One of the earliest groups to sponsor concerts at Sandusky’s Carnegie Hall was the Tuesday Musical Club. The composer Beethoven was featured on the January 21, 1902 concert. It appears that the entertainment was provided by local musicians. The string quartet was composed of Miss Heiter, Mr. Dempsey, Mr. Schnaitter, and Mr. Anderson. Mary Lockwood and Mr. Anderson had solo numbers, and the final number was “Symphony, C. Minor” which was performed by Mrs. Williams, Mrs. Feick, Miss Stoll, and Mrs. Sloane. Anna G. Lockwood was the President of the Tuesday Musical Club during the 1901-1902 season. Miss Lockwood (Shown below in her 1888 Sandusky High School graduation photo) would go on to teach piano at the Institute of Musical Art, later known as The Juilliard School in New York City.
Besides musical events, Carnegie Hall was used for political, social, and other cultural activities. In December, 1903, Professor Edwin Earle Sparks gave a lecture about Alexander Hamilton, and also presented a short study of the U.S. Constitution at Carnegie Hall. In January 1905, Hewson Peeke and F. G Strickland participated in a lively debate at Carnegie Hall. Hewson Peeke’s premise was: “Resolved that the Prohibition party presents a better solution of the labor problem than the Socialist party.” Mr. Strickland was a member of the Socialist Party. The January 21, 1905 Sandusky Star Journal wrote that about two-thirds of the crowd in attendance were in support of Mr. Strickland.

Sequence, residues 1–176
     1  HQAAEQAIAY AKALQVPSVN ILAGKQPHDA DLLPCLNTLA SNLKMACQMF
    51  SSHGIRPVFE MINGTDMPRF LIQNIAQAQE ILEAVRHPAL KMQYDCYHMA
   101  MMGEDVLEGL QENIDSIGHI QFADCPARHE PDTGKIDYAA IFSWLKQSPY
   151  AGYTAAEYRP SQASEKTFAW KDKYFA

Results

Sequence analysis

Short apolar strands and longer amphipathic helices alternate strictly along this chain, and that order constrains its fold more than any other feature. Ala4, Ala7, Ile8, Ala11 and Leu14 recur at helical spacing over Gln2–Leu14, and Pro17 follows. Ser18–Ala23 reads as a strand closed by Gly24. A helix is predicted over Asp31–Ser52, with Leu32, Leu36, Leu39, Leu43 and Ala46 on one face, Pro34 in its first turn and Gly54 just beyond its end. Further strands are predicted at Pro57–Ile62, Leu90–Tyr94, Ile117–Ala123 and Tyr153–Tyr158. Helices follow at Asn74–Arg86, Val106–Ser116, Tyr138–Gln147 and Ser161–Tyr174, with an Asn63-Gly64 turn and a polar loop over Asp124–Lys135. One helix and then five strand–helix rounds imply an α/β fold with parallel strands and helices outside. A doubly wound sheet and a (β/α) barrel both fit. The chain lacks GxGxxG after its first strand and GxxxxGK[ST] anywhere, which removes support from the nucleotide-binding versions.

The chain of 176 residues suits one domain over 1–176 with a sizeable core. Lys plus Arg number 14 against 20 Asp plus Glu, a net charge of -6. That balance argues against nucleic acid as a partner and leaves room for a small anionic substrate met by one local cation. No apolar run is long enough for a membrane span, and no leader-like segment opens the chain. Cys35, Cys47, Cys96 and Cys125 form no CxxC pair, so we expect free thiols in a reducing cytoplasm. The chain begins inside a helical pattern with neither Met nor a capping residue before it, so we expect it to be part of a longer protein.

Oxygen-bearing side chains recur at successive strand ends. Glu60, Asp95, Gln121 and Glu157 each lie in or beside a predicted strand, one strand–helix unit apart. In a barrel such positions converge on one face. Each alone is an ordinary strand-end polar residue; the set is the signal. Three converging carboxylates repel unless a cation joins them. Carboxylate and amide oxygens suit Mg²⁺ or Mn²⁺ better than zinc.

Area clubs and organizations often met at Carnegie Hall. In January of 1905, the Knights of St. John and its Ladies Auxiliary had their joint installation of officers at Carnegie Hall. In January, 1908, a new club called the “Children of the Republic” held a preliminary meeting at Carnegie Hall. Several ladies from the Martha Pitkin Chapter of the Daughters of the American Revolution wanted to help young people in Sandusky to learn how to become good citizens. Speakers for the evening were Mrs. Thomas M. Sloane, Mrs. James Melville, Mrs. Roy Williams, and Dr. Carrie Chase Davis. The annual meeting of the Erie County Farm Bureau held one of its sessions at Carnegie Hall in February, 1920. The Firelands Historical Society held an all day session at Carnegie Hall on November 10, 1920.

By 1929, the space in the auditorium on the first floor of the Library would become an adult reading room with additional space for books and shelves. Though the library no longer features a music hall, you can read about the early days of the Sandusky Library in the historical newspapers, housed on microfilm in the Archives Research Center of the Sandusky Library. The music hall of the original Carnegie library building in Sandusky is now a portion of the Children’s Services Area of the Sandusky Library.